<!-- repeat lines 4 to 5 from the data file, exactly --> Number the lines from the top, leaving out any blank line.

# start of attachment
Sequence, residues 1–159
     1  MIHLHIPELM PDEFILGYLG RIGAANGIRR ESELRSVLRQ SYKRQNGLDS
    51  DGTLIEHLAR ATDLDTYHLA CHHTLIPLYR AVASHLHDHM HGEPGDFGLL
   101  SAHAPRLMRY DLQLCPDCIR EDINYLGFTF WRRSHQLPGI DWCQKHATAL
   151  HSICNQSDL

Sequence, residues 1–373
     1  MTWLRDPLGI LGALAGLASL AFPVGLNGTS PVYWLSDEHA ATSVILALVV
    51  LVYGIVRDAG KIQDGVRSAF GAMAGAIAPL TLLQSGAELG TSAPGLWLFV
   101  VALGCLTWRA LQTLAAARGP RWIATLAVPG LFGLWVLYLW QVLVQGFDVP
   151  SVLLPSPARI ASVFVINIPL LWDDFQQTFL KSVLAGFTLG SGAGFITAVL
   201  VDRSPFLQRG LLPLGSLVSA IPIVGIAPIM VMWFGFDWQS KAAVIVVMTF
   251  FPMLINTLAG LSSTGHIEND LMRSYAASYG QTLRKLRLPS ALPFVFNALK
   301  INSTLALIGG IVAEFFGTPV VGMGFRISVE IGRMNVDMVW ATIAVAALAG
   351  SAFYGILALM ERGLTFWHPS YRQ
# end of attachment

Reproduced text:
   101  SAHAPRLMRY DLQLCPDCIR EDINYLGFTF WRRSHQLPGI DWCQKHATAL
   151  HSICNQSDL